Conservative MP raising money from his opposition to conversion therapy law



Derek Sloan, Conservative MP and former party leader candidate, asks his supporters to send him money to “protect the children of Canada” against a bill banning certain aspects of so-called conversion therapy.

Sloan has previously expressed concern about the legislation passed by the House of Commons last month that would ban the discredited practice from using therapy to change someone’s sexual orientation. But today’s pitch shows Sloan is trying to raise money for an issue that sidelined him with party leader Erin O’Toole and the vast majority of the conservative caucus.

Sloan, who represents the driving of Hastings-Lennox and Addington in Ontario, was one of seven Conservative MPs who voted against the bill, told his supporters in the email that he wants to raise $ 25,000 this month for the next federal election.

Sloan, like O’Toole, has suggested that the proposed law could criminalize conversations about sexual orientation between a parent and a child, or between a religious leader and a young person.

Conservative leader Erin O’Toole has said he opposes the “ cruel ” practice of conversion therapy, but a handful of Conservative caucus members voted against a bill to ban the practice. (Sean Kilpatrick / The Canadian Press)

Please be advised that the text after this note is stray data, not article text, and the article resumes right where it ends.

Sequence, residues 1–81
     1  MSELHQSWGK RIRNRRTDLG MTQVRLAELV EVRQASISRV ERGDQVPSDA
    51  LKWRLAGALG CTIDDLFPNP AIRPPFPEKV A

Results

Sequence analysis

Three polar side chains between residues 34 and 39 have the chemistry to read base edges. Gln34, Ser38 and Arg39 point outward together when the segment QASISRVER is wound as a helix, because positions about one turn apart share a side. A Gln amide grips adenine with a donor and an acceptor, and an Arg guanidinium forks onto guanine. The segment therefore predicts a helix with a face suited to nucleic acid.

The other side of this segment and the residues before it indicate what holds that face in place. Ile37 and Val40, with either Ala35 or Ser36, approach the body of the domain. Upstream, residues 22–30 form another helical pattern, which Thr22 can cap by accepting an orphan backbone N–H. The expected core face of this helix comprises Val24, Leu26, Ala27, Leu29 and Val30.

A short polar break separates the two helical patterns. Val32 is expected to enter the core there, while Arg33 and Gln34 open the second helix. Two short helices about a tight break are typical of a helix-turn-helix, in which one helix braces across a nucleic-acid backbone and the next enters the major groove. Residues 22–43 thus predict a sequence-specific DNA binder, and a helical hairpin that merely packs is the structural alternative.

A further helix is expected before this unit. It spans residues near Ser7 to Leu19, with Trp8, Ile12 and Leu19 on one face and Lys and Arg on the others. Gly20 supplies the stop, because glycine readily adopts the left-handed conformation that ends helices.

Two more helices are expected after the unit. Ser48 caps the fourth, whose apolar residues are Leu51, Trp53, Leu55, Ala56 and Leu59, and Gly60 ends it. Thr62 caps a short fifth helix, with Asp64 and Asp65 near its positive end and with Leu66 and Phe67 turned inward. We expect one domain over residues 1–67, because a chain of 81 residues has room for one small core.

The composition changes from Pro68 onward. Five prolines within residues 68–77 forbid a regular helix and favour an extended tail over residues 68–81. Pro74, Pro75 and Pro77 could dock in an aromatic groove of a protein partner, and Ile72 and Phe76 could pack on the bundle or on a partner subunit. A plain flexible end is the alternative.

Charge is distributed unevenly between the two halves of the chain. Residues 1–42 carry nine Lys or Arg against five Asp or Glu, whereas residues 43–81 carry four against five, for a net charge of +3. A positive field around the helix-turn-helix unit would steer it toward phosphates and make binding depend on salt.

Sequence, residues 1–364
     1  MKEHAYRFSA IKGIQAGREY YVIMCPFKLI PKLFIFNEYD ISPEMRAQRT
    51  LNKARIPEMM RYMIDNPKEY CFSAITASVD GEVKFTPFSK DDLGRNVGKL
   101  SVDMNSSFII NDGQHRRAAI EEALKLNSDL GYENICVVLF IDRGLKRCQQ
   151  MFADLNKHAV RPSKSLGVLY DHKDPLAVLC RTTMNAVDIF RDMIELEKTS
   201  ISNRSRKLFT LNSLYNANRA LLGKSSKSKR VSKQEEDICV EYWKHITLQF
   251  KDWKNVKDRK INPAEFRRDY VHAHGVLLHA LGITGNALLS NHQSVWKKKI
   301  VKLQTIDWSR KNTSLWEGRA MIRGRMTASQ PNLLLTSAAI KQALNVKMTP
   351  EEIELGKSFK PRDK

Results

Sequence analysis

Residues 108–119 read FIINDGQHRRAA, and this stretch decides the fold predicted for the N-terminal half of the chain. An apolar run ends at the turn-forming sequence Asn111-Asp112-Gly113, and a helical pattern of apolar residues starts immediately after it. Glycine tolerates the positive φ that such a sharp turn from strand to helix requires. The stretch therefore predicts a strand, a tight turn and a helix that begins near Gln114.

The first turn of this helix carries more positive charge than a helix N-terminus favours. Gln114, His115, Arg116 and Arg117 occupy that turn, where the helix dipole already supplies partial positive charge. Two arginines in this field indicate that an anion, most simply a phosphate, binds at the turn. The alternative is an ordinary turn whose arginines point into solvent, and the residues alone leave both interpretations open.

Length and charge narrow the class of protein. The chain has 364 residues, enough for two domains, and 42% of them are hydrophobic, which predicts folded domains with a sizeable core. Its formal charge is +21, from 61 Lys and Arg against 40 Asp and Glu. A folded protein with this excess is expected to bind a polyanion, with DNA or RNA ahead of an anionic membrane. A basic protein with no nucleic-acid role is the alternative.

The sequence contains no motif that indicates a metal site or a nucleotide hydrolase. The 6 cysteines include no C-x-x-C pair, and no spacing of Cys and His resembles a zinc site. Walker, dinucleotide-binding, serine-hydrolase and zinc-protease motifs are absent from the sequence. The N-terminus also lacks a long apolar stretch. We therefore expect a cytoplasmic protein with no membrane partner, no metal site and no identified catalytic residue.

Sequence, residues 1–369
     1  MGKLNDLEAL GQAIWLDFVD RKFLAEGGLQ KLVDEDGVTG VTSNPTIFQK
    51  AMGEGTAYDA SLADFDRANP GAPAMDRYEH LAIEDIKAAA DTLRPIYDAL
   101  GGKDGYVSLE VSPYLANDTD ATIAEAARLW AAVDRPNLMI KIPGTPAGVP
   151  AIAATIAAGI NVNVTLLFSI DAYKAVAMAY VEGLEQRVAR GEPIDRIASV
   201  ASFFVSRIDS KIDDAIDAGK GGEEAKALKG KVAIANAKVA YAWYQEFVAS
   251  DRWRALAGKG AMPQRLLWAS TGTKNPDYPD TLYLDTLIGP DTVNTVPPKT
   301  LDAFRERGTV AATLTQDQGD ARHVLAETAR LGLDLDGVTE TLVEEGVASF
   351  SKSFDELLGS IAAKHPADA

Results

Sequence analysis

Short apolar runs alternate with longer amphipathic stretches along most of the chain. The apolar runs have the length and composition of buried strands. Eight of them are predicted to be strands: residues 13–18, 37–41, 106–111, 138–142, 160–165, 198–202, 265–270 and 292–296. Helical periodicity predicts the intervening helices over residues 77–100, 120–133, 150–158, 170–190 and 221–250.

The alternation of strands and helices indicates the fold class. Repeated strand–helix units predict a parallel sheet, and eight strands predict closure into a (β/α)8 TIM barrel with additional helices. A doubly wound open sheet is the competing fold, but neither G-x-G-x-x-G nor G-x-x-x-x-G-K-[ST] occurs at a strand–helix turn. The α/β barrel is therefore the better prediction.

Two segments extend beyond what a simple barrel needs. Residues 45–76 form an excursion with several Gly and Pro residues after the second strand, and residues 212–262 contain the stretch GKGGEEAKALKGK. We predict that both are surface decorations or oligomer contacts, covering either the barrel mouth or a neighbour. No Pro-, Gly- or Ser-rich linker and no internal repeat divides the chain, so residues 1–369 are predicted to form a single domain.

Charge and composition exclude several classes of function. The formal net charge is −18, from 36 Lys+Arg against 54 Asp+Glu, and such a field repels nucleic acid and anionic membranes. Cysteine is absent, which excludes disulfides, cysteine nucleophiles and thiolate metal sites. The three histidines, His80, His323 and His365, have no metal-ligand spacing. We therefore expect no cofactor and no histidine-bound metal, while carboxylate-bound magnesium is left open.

O’Toole, however, is explicit about his opposition to the ‘cruel’ practice of conversion therapy and has proposed amending the law to clarify those private discussions. Sloan’s concerns seem to go much further.

The practice of conversion therapy – the use of psychological or spiritual counseling in an attempt to change the sexual orientation of someone who identifies as LGBTQ2, or change someone’s gender identity to cisgender – has proven to be both ineffective and harmful and has even been compared to torture .

Sloan said in the email that he is concerned about the effect of the government’s own legislation, arguing that it “would contribute to the tremendous increase we see in little boys and girls being chemically switched over because of their feelings. of gender dysphoria. “

“The vast majority of children who feel this way will grow out of it,” he wrote, claiming that under the new law, anyone who tries to “help a child feel happy with the body they were born with” can be sentenced to up to five years in prison.

The legislation itself would make it illegal for a minor to undergo conversion therapy, to advertise or benefit from conversion therapy, or to force anyone to act against their will.

‘He tries to politicize LGBTQ people’

Sloan’s comments are both imprecise and transphobic, said Kristopher Wells, Canada Research Chair for the Public Understanding of Sexual and Gender Minority Youth and professor at MacEwan University.

“He characterizes gender-affirming care as physical mutilation and continues to propagate this rhetoric that denies especially young people the opportunity to seek care to improve their life chances, mental health and well-being,” he said.

Young people who struggle with gender identity are at higher risk for self-harming behaviors if they don’t get the care and support they need, Wells said.

He also pointed to what he called inflammatory language in Sloan’s money-raising talk, such as describing young people taking puberty-delaying drugs as “chemically switched.”

“He’s trying to politicize LGBTQ people and their lives for his own personal gain and benefit,” Wells said.